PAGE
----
Repeat steps 4-6 for the rest of the grooves. Note that Sketchup will probably suggest many of the correct dimensions, saving you from having to type them. For example, in the repeats of step 6, click on the rectangle you want to push down, then click on the surface from a previously defined groove and the new groove will match it. I’m not sure if I described that well, but play with it and you’ll see.

I hope these hints are useful. I don’t know the state of Sketchup plug-ins, so I don’t know if there is a tool you can get that will save you from buying the Pro version. Alternately, there are a number of open source or free CAD programs out there. While they are a little bit harder to master than Sketchup, there are a lot of tutorials out there.

Good Luck!

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CAD is a different world, it does have logic to it, but you have to go through
and figure out what that logic is.

I have been using onshape, which has the ability to create the g-code directly

they have a set of tutorials available on youtube

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I feel your pain. I’m a very technical guy, and have used (and programmed!) lots of complex 3D software, but CAD has always been a bit of an achilles heel for me.

I’m finally starting to break through the wall, but like with everything, it comes with many mistakes along the way.

Fusion360 is another good alternative that is free and lets you send straight to g-code for the Maslow. There’s a whole stack of learning curves to go through there, but their tutorials are very good. There are also some good videos on using it for generating Maslow code and some stuff in this forum as well.

CAD has always baffled me, and still does, but I find OpenSCAD to be able to handle most of my needs. If you are familiar with C/C++/Java syntax then this is not a far leap, although coding pure functional takes some getting used to coming from an object oriented world. My workflow is create my .scad file, then export as SVG, modify the SVG XML to add the “mm” or “in” to the SVG tag, example:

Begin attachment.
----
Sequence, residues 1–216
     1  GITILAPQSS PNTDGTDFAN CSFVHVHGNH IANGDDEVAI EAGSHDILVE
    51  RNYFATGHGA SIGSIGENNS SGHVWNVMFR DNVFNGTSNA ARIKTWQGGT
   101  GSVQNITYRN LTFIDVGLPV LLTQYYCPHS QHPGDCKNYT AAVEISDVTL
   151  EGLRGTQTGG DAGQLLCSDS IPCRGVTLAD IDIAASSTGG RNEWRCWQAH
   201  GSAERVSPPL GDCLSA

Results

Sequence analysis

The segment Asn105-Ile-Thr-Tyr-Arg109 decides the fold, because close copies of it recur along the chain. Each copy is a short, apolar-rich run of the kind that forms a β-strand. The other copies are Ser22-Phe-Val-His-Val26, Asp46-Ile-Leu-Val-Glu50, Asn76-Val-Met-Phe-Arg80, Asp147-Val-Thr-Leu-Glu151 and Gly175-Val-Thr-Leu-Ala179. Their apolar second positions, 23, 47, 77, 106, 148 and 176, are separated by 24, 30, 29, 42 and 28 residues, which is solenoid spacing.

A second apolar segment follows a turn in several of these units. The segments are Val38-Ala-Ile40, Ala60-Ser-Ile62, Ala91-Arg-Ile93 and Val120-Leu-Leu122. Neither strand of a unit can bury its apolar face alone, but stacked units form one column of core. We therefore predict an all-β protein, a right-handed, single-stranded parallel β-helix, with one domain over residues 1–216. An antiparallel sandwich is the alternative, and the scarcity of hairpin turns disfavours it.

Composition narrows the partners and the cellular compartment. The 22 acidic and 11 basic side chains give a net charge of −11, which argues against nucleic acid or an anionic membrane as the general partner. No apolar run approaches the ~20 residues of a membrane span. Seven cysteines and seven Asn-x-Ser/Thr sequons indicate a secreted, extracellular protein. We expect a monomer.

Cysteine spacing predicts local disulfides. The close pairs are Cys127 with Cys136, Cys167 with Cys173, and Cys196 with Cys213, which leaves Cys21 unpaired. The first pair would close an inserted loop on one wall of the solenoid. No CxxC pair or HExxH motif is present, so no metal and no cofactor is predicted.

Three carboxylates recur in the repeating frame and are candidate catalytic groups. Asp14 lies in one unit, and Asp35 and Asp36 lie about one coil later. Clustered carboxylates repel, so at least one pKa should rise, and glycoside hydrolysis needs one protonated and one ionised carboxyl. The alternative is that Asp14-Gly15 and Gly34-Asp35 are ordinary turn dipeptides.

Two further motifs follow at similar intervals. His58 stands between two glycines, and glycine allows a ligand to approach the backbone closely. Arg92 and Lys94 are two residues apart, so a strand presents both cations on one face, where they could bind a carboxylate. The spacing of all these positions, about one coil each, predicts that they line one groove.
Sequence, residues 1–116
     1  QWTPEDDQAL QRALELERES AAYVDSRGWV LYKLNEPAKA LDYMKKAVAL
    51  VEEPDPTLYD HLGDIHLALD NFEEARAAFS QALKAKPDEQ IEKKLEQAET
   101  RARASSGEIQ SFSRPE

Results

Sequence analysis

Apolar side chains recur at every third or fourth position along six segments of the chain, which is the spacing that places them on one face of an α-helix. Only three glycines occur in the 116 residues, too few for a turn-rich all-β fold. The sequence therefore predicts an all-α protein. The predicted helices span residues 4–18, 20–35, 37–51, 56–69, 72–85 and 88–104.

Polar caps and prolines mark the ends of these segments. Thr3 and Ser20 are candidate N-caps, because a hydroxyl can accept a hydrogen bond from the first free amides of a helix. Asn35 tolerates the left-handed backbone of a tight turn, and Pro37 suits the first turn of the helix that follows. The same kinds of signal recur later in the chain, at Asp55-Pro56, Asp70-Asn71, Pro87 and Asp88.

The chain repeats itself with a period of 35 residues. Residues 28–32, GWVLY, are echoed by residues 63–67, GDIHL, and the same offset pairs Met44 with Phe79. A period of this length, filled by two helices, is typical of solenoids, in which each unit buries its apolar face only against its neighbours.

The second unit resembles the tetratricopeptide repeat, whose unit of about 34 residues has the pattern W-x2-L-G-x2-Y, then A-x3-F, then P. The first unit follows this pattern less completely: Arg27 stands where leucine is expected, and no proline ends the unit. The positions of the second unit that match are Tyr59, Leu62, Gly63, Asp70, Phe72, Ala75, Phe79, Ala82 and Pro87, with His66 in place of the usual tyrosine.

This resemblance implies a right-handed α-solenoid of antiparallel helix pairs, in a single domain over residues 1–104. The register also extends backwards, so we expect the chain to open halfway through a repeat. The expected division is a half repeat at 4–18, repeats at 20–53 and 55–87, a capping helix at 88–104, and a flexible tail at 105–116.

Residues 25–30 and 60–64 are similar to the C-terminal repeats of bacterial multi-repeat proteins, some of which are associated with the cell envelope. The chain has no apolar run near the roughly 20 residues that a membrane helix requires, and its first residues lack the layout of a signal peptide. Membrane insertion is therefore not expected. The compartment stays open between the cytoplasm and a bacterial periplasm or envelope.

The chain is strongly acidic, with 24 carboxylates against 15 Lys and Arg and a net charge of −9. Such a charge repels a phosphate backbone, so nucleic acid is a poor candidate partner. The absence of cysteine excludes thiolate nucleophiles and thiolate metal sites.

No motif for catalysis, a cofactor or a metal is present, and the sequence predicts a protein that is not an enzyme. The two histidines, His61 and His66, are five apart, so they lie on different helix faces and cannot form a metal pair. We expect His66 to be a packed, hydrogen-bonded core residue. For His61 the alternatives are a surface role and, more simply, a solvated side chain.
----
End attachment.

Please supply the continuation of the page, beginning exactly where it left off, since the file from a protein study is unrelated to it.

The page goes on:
<svg width="400mm" height="400mm">

You have to do this because OpenSCAD is intentionally without units. Then import the SVG into your favorite CAM software, I’ve been using JSCut with success.

Another alternative is to create your SVG in something like Inkscape. Bonus being all these tools are free and open source!

To get that 3D with all the pieces put together you can cobble that together in OpenSCAD, but its certainly not as nice as tools specifically meant for that purpose.

That is very helpful!

Also, I think I get that I can design an svg if I just want to cut and don’t care about the Z-Axis. Is that’s Z-Axis that is throwing me. :\

My approach to that is to think of the cuts grouped by kind/depth. The rack has a main full-depth cut around the outside, and a series of shallow notches or ‘pocket’ cuts across. I’d make one svg of the outside cut, and a second one with rectangles for the notches, taking care to set the 0,0 point of both files in the same spot. The slots cuts would be pocket cuts in the CAM software, the outline an ‘outside outline’ with tabs to support it. To cut, I’d run the slots first and the outline last.
In lieu of the z-axis motor, the software will prompt you to adjust the router depth at each z-axis change in the file. Tedious but workable, makes one appreciate the z-axis motor :smile:.